The delay of Valve's Steam Machine (or Steam Box) has forced the hand of systems manufacturers. Alienware, Gigabyte with the Brix, and now Zotac have all begun shipping their would-have-been Steam Machines as DIY mini-PCs. Steam has disallowed the shipment of officially branded Steam Machines until the completion of its haptic controller, leaving system manufacturers scrambling to untie the resources dedicated to machines that were originally slated for a 2014 launch.
In an official capacity, Gigabyte's BRIX Pro and Zotac's EN760 are not "Steam Machines" -- at least, not by branding -- but they might as well be. The EN760 (Newegg page) ships in two models: The EN760 and EN760 Plus. The base model ships without RAM or permanent storage at $540; the Plus edition includes a single 8GB stick of 1600MHz RAM and 1x1TB 5400RPM HDD. Both units are outfitted with an 860M mobile GPU, i5-4200U mobile CPU, and custom board design to fit in a 7.4" x 7.4" x 2" (188 x 188 x 51mm) shell.
We've been recommending Plantronics' GameCom 780 headset alongside our PC builds for a few years now, generally calling it the "best value for gamers." The 780 has fluctuated between the $50 and $80 price range, and at either end of that spectrum, it has always dominated as a high-endurance, high-performing solution for gaming audio and input. Our original review 780 is still functional, and that's after nearly two years of constant use -- the longest time I've ever had a headset last.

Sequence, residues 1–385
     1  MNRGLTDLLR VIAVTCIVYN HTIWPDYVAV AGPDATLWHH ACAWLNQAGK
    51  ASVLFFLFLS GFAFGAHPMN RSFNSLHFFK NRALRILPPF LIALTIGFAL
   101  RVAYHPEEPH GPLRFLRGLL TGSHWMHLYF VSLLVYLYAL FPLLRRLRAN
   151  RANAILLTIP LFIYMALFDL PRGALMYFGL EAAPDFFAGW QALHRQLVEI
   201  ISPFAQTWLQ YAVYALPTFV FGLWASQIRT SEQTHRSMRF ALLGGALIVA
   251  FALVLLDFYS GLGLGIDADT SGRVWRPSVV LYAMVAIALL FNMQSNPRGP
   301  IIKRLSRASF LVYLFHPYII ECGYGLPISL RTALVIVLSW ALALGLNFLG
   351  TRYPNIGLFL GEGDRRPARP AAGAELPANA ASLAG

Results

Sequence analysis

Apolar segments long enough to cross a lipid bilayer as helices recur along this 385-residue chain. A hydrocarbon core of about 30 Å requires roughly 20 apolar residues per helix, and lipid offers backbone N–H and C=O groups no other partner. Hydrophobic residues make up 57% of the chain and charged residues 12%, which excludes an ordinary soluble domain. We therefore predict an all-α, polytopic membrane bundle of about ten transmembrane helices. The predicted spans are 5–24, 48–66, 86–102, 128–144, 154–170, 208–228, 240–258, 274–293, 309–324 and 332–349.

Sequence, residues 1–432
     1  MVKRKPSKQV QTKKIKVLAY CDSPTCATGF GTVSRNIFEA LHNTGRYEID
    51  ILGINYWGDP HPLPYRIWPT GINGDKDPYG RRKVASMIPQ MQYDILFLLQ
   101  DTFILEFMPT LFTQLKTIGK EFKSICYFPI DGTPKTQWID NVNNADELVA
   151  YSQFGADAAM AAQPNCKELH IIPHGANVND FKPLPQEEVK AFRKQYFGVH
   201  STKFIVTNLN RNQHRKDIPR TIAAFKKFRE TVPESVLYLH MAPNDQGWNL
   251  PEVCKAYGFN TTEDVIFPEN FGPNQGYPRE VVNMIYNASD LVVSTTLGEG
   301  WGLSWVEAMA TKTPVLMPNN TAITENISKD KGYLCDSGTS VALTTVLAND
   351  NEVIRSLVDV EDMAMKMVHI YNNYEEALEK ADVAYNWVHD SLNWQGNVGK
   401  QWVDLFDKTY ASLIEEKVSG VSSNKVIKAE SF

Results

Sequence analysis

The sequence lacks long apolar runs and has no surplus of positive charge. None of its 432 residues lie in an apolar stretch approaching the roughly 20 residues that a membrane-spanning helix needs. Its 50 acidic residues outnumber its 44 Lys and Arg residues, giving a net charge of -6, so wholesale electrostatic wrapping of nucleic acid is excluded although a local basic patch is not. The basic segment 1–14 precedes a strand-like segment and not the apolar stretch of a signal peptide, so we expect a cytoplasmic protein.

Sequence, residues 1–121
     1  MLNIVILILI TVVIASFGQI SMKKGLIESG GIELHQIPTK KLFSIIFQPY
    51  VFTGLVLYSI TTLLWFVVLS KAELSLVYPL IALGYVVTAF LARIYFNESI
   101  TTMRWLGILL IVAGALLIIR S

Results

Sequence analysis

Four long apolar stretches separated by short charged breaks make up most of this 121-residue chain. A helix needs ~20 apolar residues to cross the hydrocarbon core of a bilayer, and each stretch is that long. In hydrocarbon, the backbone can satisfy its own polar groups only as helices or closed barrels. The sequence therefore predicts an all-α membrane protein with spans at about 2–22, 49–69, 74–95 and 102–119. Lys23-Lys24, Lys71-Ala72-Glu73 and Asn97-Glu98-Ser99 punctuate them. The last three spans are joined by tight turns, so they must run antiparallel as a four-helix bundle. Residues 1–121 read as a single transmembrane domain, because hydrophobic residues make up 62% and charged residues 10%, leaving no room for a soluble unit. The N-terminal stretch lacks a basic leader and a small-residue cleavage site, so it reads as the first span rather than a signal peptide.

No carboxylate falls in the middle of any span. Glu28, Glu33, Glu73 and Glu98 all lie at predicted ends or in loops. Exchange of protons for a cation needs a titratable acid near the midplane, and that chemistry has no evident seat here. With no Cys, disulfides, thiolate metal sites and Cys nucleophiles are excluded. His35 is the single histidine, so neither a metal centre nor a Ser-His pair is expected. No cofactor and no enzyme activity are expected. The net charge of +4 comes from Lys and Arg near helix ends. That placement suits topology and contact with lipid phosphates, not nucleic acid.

Plantronics recently contacted us about a GameCom 788 refresher of the original 780. There haven't been any changes to the audio drivers and underlying audio tech, so it's all aesthetics and marketing. The 788 ships alongside updated Windows 8/8.1 compatibility, joined by most of Plantronics' other audio products.
In this review and hands-on with Plantronics' GameCom 788, we look at the headset's sound quality, build quality, comfort, and usefulness in gaming.
There's no argument that RAM has become commoditized in the marketplace. This has been reinforced by furthered emphasis on appearances and the prevalence of high-capacity modules at relatively stabilized prices. DDR3 DRAM fabrication has also improved its yield steadily through the years, making high-frequency memory more abundant than ever.
As it turns out, RAM also feels like a relatively uninteresting component when selecting parts for a new system -- such is the nature of a stable product. It's similar to buying gas, in that regard; serious enthusiasts might deliberate over suppliers and octane specifications, but most users just fill up with the most convenient and affordable source. That's not to diminish the importance of quality RAM, though it does currently feel like a fairly stagnated market. Things will change in the face of DDR4.
In this review, we'll look at NZXT's Sentry 3 specs, its performance and accuracy as a fan controller and temperature reader, and overall build quality.
We're back with another mouse review, this time from a manufacturer not usually (or ever, really) known for their gaming mice: Rosewill. Admittedly, this review comes in part because of an urgently needed mouse replacement caused by the mechanical failure of a certain Genius Deathtaker, so anything that can left-click is a definite improvement, but we'll try to give some honest pros and cons.